I was driving the other day and a John Cougar song came on the radio. "Little Pink Houses" is one of those '80s hits that sounds patriotic on the surface: "Ain't that America, something to see, baby". Yet a more careful listen reveals darker themes: racial inequality, broken dreams, cultural ennui, drug addiction.
Despite such sobering, even cynical observations, the song is a patriotic anthem. It's about American struggle, the eternal dream versus the difficult reality. It's impossible to sing the chorus and not feel a surge of national pride. Yes, America is imperfect, but warts and all, it's the land of the free, baby.
Bruce Springsteen's "Born in the U.S.A." presents a similar dichotomy. It was common, back when the song was released, to hear a sneering teenager say, That's actually not a patriotic song, he's protesting war and yelling about unemployment, it's like, totally down on America.
Fine, but that's facile. The song is an American complaint, a nostalgic yearning for what was. Before Vietnam, before the decline of manufacturing. It's a moment in history when we stopped killing Springsteen's "yellow man" and gave him our factory jobs. On one level, it is an angry song, but again, you can't crank it up and not get goosebumps. There's a defiance, a determination beneath the sadness. Indeed, the final line of the song is a sunny departure: "I'm a cool rocking daddy in the U.S.A."
Damn straight. Despite all of our sad stories, real Americans are optimistic. We survive the bad among us, and we look to make things better, to improve the grand experiment that is our Republic.
Consider Ronald Ernest Paul.
He is old (84, born in the middle of the Great Depression). He is cranky (known by many as Dr. No for his refusal to vote for any legislation not germane to the U.S. Constitution). He has a funny voice (half Ross Perot, half Jim Henson doing voiceover for Bert). He is known for being an extremist within his party (Paul ran for president as a Libertarian and refused to endorse fellow Republican John McCain in 2008. Ron knew better).
Finally, Paul is the father of a movement, the Tea Party. Some conservatives disagree with this label, but Paul embraces it. So does The Atlantic, and the author of "Ron Paul: Father of the Tea Party".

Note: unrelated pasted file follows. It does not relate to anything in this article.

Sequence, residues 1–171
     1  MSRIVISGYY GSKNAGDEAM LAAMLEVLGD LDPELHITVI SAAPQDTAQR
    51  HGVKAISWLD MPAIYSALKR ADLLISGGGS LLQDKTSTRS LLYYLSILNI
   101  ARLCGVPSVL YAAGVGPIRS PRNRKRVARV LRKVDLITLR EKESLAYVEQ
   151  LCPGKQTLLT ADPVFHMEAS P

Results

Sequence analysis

Now consider Bernard Sanders. He's old, cranky, has a funny voice, is an extremist within his party, and is the father of the left's latest lurch toward socialism.
Bernie is to the Squad what Charlie was to his Angels.
Both men create a buzz and attract ardent supporters. Both men are forceful debaters and have historically attracted large numbers of votes in presidential campaigns. Both men have run for the highest American office multiple times. Both men are unloved by the leaders of their respective parties.
This isn't lost on Paul. In the video clip below, from 2016, he goes so far as to say that he "feels a certain kinship" with Bernie, because they both "stand on principles."
Lastly, just as Ron was not, neither will Bernie ever be elected president.
Yes, the two statesmen have a great many things in common, but in substance, they're the Odd Couple. Paul isn't nicknamed Dr. No solely for his voting record. Before politics, he got his medical degree at Duke, was a flight surgeon in the U.S. Air Force, then practiced medicine as an Ob-Gyn for twenty years. He married Carol Wells in 1957, she gave him five children, Sen. Rand Paul among them.
Ron Paul is smart. He's a patriot. He's quick too--he held the record for the fastest 200 meter dash in the state of Pennsylvania while in high school.
Paul wants the government out of our wallets and our personal lives.
Bernie, on the other hand...
The life of Sanders can be summed up thusly: a socialist activist and politician who dabbled in academia. His idol is socialist Eugene Debs (who himself ran for president five times). After attending the University of Chicago, he didn't do much with his early years, working odd jobs (Head Start teacher, carpenter) in New York City before moving to Vermont, where he worked as an aide to the Liberty Union Party, a local socialist outfit.
It wasn't until he was 39 that he ran for Mayor of Burlington, VT. He served four terms, then lectured at Harvard, then Hamilton University before running for an open House seat as an Independent in 1990. He was a congressman for 16 years. He ran for the U.S. Senate in 2006, also as an Independent. In 2016, he won 43% of the delegates in his presidential campaign, losing to DNC favorite Hillary Clinton.
Sanders' first marriage, in 1964, lasted two years. He then had a child out of wedlock (a son, Levi), and married Jane O'Meara Driscoll 24 years later, in 1988. His second wife was briefly famous for running Burlington College into the ground, the result of a shady real estate deal in 2010.
Two men with similar political career arcs, but little else in common. One, a veteran, doctor, and constitutionalist who would abolish the Federal Reserve. The other, an agitator and career politician who would tax even those earning $30,000 at a rate of 51%. Little pinko houses, indeed.
We have it all here. We are, all of us, at once so alike, yet so very different. Ain't that America?
Land of the free, baby.
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